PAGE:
Fiber-optic sensors

Optical Communications Group has a broad experience on fiber-optic sensors. From 1992 we have developed fiber sensors and sensors networks. Nowadays we develop both single-point and distributed sensors using our own fabrication technology. We also develop new multiplexing networks for our sensors or commercial ones using optical amplification when needed.

This research field has five main topics:

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Multiplexing networks for sensors

Our group has a broad experience in optical sensors multiplexing. We have developed a number or different sensors networks in research and development projects from 1994.

We have developed several multiplexing fiber-optic sensor networks for projects involving companies, using commercial interrogation systems and sensors, for example we have monitored 30 fiber-optic sensors (temperature, strain and vibrations) in a telecommunications tower in order to check the behavior of new cladding materials for buildings.

- Fiber-optics sensors distribution and installation -

We have also developed networks that combine telecommunications data and sensors signals using WDM techniques. When needed, we have used both Erbium doped fibers and Raman amplification for the development of these networks.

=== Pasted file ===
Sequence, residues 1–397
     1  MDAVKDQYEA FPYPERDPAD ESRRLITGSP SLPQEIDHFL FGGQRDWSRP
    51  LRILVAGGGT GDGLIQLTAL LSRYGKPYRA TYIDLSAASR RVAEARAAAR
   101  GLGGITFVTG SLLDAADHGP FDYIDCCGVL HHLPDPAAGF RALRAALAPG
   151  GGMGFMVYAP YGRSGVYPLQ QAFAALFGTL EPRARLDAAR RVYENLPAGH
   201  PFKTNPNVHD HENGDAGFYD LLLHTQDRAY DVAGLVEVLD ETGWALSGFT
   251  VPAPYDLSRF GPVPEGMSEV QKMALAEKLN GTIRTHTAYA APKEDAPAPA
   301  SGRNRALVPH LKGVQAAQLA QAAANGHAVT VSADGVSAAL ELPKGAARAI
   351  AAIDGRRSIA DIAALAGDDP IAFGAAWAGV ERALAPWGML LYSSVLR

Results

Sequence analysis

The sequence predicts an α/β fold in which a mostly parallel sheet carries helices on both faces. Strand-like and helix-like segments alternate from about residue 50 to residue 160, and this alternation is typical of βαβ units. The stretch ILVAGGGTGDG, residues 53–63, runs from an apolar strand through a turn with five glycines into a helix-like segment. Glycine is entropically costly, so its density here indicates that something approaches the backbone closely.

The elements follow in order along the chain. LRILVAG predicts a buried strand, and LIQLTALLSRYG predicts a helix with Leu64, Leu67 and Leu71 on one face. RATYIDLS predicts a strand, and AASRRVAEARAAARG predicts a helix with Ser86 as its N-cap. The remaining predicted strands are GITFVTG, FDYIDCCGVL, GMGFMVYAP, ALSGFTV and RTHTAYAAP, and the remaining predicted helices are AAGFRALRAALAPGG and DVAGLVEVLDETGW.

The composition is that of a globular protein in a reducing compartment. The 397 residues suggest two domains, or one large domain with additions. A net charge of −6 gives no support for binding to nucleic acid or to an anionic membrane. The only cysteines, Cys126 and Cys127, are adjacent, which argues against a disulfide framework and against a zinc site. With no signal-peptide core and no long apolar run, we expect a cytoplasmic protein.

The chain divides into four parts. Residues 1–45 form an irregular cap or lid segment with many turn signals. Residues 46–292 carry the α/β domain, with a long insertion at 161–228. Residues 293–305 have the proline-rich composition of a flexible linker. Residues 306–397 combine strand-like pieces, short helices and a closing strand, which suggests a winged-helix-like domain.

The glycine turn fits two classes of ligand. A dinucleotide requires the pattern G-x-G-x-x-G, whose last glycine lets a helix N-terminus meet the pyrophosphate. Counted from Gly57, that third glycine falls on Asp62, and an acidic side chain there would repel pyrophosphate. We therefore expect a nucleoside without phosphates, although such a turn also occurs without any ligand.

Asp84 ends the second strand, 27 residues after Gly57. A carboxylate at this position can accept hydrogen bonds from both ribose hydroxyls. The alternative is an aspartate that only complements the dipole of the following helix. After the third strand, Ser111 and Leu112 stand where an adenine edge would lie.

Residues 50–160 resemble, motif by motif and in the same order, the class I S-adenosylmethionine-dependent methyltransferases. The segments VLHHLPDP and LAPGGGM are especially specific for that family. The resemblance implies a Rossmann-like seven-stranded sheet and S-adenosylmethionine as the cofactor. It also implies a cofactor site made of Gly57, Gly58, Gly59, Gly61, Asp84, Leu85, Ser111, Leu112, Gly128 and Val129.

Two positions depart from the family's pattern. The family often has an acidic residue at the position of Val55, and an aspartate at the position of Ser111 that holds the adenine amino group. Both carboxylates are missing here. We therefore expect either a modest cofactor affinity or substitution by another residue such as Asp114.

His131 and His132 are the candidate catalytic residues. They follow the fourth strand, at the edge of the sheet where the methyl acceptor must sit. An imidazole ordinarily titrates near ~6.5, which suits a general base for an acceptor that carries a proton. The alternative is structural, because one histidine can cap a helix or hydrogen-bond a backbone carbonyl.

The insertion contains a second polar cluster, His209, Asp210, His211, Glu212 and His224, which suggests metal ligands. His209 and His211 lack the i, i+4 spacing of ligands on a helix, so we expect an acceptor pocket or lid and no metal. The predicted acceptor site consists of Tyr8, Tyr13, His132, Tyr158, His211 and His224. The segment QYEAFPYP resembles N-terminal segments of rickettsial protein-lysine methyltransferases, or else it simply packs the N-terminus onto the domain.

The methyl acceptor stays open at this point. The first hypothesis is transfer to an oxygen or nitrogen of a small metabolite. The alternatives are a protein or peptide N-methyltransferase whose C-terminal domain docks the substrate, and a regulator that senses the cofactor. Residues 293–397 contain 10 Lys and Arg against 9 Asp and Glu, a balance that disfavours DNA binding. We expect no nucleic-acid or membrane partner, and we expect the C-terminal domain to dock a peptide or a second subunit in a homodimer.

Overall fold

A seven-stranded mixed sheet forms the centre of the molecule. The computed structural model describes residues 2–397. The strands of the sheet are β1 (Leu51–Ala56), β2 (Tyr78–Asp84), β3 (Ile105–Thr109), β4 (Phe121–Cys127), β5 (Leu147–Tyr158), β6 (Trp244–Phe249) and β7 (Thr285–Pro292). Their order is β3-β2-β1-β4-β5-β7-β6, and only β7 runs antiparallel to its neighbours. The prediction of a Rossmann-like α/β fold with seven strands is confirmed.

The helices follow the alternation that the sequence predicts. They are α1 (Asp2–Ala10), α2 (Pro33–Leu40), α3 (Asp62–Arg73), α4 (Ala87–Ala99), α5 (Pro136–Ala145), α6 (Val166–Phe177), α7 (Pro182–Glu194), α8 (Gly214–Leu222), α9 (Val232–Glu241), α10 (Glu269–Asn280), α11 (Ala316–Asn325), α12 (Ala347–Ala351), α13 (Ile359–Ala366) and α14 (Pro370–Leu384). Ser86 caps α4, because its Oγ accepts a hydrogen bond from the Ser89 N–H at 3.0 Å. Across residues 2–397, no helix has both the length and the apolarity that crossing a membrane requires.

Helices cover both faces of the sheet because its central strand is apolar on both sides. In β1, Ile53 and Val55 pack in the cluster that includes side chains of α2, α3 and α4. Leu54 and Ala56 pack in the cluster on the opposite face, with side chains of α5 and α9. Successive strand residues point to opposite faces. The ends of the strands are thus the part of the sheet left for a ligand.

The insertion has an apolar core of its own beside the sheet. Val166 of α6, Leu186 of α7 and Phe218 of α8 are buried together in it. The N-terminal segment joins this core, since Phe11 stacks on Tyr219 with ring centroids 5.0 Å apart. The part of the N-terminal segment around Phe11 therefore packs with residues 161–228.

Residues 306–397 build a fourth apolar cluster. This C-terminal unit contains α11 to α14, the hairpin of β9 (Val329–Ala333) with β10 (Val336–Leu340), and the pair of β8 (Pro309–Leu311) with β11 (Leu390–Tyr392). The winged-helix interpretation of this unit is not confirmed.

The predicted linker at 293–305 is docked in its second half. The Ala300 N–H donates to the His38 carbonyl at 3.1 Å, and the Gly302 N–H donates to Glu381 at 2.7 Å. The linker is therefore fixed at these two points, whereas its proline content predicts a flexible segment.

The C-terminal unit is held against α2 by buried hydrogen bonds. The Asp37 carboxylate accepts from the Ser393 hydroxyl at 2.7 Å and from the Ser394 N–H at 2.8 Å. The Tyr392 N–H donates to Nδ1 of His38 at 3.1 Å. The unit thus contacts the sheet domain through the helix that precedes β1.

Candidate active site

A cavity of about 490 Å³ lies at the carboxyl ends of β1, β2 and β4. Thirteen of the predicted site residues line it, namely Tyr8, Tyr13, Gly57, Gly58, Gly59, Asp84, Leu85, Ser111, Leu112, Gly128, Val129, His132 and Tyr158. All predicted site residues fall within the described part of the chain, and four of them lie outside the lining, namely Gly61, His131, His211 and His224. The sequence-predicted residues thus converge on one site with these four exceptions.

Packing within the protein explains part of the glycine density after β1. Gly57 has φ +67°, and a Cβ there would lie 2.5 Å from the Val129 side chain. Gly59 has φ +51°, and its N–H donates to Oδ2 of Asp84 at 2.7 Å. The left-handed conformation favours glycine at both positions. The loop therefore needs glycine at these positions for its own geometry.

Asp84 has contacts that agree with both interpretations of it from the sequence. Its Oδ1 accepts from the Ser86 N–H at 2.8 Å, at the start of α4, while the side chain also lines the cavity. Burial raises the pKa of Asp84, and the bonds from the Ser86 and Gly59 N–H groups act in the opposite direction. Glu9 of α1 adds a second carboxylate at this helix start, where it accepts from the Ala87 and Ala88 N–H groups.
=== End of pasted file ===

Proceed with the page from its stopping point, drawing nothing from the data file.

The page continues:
The analysis of power-budget, carried out for the most common multiplexing topologies (star and bus configurations), has proven that the inclusion of optical amplification, either in the lumped or distributed versions, can increase the number of nodes (taps) multiplexed in a single network.

In order to experimentally demonstrate these advantages, various active networks have been implemented. The experimental networks developed are focused on bus configurations, since it is in these networks where the use of amplification shows its greater advantages, not only providing better power budgets, but also compensating for power differences between sensors by employing distributed amplification. The aim of the different topologies demonstrated has been to reduce the amplification noise, improving the quality of the received signals.

We have experimentally demonstrated several new networks incorporating erbium-doped active-fiber and/or Raman amplification. This amplification inserted between the network couplers into bus or ring topologies, has been proven to provide good coupler-loss compensation, being the optical power approximately constant at each sensor position. The remnant power at the bus-spine after the last sensor is approximately equal to the power launched into the first sensor, proving the network’s capacity to incorporate more nodes or sensors while maintaining the same power-budget.

We have also developed WDM networks to provide “resilience”, the ability to survive failures at one or more points. We use double bus or double ring topologies to interconnect fibre Bragg gratings (FBGs), which serve two purposes: (a) where necessary, to fulfil the sensing function in their own right and (b) through the judicious choice of reflected wavelengths, to provide unique sensor identification.

- Resillient double bus multiplexing structure using Ramang amplification -

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Contact: Manuel López-Amo, Silvia Díaz, Rosa Ana Pérez Herrera